By taking advantage of Buffalo State’s location, Misty Rodeheaver, assistant professor of history and social studies education, is giving her students first-hand experiences about the evolution of the American identity and the refugee experience in Western New York.
"Tying this course into Buffalo State’s Year of the City is something I’m really concerned with," Rodeheaver said. "These students are in Buffalo for school so they should really explore what the city has to offer."
"I never really thought about what my identity was or what it meant to be an American," said Brittany Vesper, a student in Rodeheaver's course. “Seeing the diversity at Buffalo State while learning about different cultural identities made me more aware of people's differences."
Besides learning about American culture and identity, the students will learn what the refugee experience is like.
"I didn't realize how many refugees come to Buffalo," Vesper said. "I sympathize with them more because of this class, and it’s great that Buffalo is bringing them in."
In the first service-learning project of the course, students will create a history kit that middle-school teachers can borrow from the Buffalo and Erie County Historical Society to teach about refugees and the refugee experience. Rodeheaver said this helps the community and the Historical Society because many refugees settle in Buffalo.
In order to put the kits together, Rodeheaver split the class into groups. One group will research the difference between refugees and immigrants, the process of obtaining refugee status, the resettlement process, and what life is like as a refugee living in Buffalo.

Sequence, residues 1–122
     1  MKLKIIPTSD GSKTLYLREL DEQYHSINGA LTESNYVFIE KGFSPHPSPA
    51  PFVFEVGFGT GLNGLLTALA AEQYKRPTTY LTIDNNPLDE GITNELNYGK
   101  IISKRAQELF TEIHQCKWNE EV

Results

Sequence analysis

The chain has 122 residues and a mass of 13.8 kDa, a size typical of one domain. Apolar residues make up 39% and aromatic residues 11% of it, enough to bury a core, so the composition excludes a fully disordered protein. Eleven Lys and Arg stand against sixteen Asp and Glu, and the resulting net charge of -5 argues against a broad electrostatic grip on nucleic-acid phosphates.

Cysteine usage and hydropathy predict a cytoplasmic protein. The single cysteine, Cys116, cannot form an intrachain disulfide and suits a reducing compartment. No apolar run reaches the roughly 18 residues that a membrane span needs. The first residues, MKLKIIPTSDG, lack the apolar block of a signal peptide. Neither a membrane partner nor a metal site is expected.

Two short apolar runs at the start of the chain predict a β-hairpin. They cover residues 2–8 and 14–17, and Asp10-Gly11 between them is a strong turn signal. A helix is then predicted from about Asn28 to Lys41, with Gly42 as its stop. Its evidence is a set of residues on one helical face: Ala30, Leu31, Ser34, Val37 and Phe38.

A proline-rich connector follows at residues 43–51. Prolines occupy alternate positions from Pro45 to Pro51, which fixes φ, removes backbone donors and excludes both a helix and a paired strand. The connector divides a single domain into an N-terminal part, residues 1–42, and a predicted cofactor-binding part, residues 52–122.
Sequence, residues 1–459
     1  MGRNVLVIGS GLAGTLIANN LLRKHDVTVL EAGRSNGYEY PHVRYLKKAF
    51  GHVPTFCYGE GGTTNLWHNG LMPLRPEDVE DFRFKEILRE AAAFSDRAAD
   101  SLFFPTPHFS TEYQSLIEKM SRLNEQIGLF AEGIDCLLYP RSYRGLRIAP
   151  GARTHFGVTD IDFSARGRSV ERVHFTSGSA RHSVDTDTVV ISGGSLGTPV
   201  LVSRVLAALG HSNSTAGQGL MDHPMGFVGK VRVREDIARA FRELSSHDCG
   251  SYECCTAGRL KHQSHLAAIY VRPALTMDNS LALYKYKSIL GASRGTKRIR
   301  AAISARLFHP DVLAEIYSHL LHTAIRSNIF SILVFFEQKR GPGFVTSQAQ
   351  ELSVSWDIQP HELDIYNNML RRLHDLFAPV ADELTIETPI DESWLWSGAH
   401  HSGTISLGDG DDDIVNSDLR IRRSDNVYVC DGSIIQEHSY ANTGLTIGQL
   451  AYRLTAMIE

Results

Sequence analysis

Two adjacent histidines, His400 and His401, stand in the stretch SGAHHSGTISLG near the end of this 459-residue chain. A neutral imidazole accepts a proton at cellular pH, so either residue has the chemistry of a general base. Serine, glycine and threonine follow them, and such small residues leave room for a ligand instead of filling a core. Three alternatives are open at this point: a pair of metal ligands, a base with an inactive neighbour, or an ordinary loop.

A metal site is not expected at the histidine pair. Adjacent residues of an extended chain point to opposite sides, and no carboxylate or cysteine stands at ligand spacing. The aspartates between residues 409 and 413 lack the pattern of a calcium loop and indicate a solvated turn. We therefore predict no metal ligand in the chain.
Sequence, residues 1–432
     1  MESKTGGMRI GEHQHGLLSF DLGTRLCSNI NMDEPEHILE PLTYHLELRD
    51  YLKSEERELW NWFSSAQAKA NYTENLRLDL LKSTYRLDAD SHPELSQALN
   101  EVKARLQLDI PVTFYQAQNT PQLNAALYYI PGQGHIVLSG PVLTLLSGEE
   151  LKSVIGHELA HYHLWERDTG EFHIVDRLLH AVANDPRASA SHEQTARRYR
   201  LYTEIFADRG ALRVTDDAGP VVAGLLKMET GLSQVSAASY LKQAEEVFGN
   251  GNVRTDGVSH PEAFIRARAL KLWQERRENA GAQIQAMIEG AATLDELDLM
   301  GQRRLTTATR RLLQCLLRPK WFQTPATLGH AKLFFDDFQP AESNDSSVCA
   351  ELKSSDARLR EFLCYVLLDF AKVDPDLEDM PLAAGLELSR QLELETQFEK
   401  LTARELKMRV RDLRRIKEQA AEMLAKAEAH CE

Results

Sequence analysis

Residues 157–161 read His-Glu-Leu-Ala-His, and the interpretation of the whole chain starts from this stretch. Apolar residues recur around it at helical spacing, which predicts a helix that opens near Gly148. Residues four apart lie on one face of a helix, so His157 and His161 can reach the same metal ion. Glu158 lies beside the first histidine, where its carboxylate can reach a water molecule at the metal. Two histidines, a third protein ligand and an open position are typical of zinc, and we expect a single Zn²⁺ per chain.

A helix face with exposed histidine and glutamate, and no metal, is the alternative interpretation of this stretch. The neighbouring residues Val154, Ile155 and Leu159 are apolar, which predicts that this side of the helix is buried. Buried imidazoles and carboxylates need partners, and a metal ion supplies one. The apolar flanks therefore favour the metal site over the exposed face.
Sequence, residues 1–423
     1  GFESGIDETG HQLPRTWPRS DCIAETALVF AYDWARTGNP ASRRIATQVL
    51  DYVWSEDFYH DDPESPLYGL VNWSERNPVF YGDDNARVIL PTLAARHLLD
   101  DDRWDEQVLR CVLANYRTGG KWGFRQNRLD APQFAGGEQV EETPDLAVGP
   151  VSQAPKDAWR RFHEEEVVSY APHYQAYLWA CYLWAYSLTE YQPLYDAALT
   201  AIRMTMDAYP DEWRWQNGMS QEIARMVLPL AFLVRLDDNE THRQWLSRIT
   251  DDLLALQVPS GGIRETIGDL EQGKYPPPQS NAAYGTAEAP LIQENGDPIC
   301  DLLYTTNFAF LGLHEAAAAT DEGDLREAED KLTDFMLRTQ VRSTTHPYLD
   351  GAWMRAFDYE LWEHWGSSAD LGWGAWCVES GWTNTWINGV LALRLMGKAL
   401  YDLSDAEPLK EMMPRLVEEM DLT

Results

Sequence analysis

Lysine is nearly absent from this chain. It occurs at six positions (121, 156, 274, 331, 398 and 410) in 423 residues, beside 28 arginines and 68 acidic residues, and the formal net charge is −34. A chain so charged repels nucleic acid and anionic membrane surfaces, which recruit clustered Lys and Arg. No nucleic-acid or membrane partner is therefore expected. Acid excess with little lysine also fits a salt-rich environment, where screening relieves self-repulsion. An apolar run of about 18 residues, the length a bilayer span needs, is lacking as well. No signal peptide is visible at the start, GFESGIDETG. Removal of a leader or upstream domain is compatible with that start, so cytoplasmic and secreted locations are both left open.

A second group will gather and recreate tangible refugee artifacts, such as clothing and paperwork, which will help tell the refugee story. A third group will complete lesson plans to be included in the kit, along with supplemental materials such as films, handouts, and PowerPoint presentations.
"It's not just reading out of a book," Vesper said about the history kit. "The students using the history kit will learn more about refugees because it includes authentic lessons with the right research."
Students will also create a website to share observations and research on the cultural importance of food.
"Food has a different purpose for each of us," Rodeheaver said. "Certain foods have different sentimentalities, or you’re tied to them for different reasons."
The students can choose one of three projects to post onto the website. The first choice is to film a how-to video showing how to make a certain recipe. The second choice is to go to a new restaurant or order a dish they wouldn’t normally order and blog about their thoughts and experiences. The third choice is to research a food or an ingredient and explain its meaning and importance.
"Buffalo is very typical of lots of different areas around the world," Rodeheaver said. "Creating this website gives my students an opportunity to see what Buffalo has to offer as for cultural and ethnic cuisines."
Rodeheaver said that the projects will be completed by December. "They all combine nicely and show the beauty of Buffalo State and the Buffalo community."
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